IMF money will reach Pakistan by the end of August: Report

The development follows the completion of $4 billion in bilateral financing from four friendly countries, including China and Saudi Arabia

The development follows the completion of $4 billion in bilateral financing from four friendly countries, including China and Saudi Arabia

The IMF’s executive board will meet on August 29 to approve a bailout package for cash-strapped Pakistan within this month, including the payment of nearly $1.18 billion in dues.

The development follows the completion of $4 billion in bilateral financing from four friendly countries, including China and Saudi Arabia, and will pave the way for immediate disbursements, expected to be on Pakistan’s account before the end of working hours on August 31 .

Finance Minister Miftah Ismail told dawn That a letter of intent (LOI) was received early Friday from the lender for the revival of the program under the Employee Level Agreement (SLA) and the Memorandum of Economic and Fiscal Policies (MEFP) signed last month.

“We are going through the LOI, will sign and send [it] The International Monetary Fund (IMF) may be back soon and is awaiting a (executive) board meeting later this month for approval.

Sources said the executive board meeting will be held on August 29 in which the matter of Pakistan will be taken up to complete the seventh and eighth review of the Extended Fund Facility (EFF). Its term has been extended till August 2023.

He also said that the board meeting was convened by Saudi Arabia, the United Arab Emirates, Qatar and China after the IMF confirmed that they had arranged $4 billion in bilateral financing to Pakistan, after the completion of the bailout. There was a final hitch to the package. All prior actions are agreed upon under the SLA.

The IMF board’s approval was expected to reverse steadily depleting forex reserves, strengthen the Pakistani rupee and support the balance of payments.

With the increase in petroleum development tariffs on oil products on 31 July, the IMF publicly confirmed that Pakistan had completed all prior actions for the revival of its programme, but required confirmation by its executive board to Rs 1.18 billion. The approval for the distribution of dollar funds was added. Additional inflows of $4 billion from four friendly countries.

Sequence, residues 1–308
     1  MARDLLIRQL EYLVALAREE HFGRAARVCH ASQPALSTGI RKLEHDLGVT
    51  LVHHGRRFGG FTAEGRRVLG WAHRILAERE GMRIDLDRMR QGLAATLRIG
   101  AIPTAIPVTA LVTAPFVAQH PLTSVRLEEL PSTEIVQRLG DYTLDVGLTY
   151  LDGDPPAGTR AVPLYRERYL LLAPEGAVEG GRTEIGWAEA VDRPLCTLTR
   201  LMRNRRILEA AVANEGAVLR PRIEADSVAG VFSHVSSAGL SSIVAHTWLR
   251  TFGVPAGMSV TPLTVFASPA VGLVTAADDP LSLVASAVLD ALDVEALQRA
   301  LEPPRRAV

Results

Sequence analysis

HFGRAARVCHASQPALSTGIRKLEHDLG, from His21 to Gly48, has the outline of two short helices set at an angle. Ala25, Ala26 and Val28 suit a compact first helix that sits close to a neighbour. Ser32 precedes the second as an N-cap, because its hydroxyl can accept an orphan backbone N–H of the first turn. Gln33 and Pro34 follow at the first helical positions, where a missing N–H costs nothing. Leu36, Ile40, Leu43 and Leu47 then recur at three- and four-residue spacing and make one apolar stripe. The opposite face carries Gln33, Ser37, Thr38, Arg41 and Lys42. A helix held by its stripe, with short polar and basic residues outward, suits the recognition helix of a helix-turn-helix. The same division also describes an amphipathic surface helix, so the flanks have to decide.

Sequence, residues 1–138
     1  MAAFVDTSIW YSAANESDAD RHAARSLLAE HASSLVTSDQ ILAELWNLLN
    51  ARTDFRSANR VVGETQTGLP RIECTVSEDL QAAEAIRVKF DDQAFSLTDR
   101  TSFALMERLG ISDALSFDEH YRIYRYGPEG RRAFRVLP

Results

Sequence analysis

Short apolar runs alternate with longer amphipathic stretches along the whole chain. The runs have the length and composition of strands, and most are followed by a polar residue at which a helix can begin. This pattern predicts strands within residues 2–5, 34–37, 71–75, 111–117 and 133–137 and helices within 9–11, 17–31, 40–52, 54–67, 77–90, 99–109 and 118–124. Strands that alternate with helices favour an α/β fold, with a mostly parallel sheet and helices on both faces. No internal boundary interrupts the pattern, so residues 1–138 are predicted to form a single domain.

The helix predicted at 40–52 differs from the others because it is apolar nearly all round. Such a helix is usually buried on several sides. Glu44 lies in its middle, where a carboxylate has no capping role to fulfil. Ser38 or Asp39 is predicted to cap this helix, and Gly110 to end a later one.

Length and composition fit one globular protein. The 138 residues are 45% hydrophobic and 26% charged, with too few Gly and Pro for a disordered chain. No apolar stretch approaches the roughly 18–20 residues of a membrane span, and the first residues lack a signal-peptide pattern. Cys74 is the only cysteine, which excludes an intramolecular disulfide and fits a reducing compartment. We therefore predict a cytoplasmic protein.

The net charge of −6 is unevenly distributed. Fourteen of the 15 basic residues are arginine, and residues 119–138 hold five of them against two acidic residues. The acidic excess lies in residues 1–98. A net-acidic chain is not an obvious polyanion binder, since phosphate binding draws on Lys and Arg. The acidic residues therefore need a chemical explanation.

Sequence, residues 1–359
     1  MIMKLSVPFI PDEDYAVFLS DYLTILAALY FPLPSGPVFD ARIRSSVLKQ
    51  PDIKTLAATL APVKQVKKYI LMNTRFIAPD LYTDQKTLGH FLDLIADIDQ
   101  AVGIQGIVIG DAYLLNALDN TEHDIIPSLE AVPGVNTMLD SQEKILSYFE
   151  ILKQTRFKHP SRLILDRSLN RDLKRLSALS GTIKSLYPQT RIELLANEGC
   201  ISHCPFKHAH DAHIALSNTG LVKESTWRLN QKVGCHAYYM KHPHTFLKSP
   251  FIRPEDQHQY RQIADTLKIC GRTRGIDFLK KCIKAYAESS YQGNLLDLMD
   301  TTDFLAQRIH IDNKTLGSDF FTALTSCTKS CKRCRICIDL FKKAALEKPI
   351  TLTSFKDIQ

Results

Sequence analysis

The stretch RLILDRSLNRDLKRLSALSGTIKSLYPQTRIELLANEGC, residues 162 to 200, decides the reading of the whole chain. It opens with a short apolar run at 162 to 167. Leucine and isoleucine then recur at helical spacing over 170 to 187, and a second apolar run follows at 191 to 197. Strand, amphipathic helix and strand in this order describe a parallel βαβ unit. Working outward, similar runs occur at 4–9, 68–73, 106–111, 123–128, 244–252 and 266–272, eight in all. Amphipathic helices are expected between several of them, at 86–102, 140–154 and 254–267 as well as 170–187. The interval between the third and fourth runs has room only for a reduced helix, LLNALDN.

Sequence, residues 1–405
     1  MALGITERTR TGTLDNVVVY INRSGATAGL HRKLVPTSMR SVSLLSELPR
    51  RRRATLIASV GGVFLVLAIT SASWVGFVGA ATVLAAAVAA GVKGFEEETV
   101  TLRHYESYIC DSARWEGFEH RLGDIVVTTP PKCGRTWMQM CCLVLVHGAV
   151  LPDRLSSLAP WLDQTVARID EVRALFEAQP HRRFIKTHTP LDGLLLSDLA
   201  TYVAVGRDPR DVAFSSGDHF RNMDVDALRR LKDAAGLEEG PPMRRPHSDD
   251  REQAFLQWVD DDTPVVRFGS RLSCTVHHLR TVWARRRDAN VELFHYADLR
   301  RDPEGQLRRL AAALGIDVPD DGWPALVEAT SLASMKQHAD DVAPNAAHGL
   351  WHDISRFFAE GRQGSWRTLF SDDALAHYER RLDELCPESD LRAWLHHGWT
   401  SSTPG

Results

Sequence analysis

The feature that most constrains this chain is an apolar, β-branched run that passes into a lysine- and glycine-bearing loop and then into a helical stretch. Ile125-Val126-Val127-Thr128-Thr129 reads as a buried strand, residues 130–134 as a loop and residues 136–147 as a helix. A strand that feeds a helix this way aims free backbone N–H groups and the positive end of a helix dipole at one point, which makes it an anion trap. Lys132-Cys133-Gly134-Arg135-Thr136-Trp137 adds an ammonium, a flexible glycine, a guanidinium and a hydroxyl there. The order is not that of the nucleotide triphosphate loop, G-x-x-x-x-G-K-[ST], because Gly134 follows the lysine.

The finance minister had earlier claimed that $8.5 billion-$10 billion had flown in from friendly countries against the $4 billion funding gap estimated by the IMF, but also attributed the political turmoil in the country to sharp currency depreciation and a Attributed to fast stock. Market.

The IMF had on July 13 announced a much-anticipated staff-level agreement with Pakistan, including a nine-month extension and a $1 billion increase in the size of the bailout package, to $7 billion, with nearly $1.18 billion. Advance disbursement of Rs.

Its approval from the IMF’s executive board, however, was linked to a series of prior actions taken by the government over the past two weeks.

‘Additional measures to meet program objectives’

On top of this, the IMF made it binding on officials “to be prepared to take any additional measures necessary to meet the objectives of the program, given the high uncertainty in the global economy and financial markets”.

Since then, the government has waived taxes on small traders and decided to put in excess of 40 billion Pakistani rupees eligible for additional tax, an overlooked supplementary grant needed to provide relief to Pakistani State Oil, of which more than 610 billion rupees. is stuck. Due to non-payment by the public sector with the government, its institutions or private companies.

Similarly, the government also made a commitment to ensure timely implementation of the electricity tariff rebasing already prescribed by the electricity regulator along with quarterly and monthly adjustments to rein in the mounting circular debt, which is estimated to last year. The fund ending June saw an increase of Rs 850 billion. 30. The government has now notified a program for gradual increase in electricity rates.

The government has since also revised the development duty on petroleum products to Rs 20 per liter on petrol and Rs 10 per liter on high-speed diesel, light diesel and kerosene – the last ex-action under the commitment.

The original $39 billion value of the 6-month Extended Fund Facility (EFF) – agreed in 2019 – would be provided to countries facing severe payments imbalances due to structural constraints or slow growth and an inherently weak balance of payments position. Was done – was to end in September. According to Dawn, the program suffered frequent breakdowns, but so far only three tranches amounting to about $3 billion could be disbursed.

Since the ouster of Imran Khan in April, Pakistan’s currency has slumped to an all-time low of 240, amid uncertainty about IMF aid.

Earlier this month, New York-based rating agency S&P Global revised Pakistan’s long-term rating from ‘stable’ to ‘negative’ in view of rising inflation and tighter global financial conditions.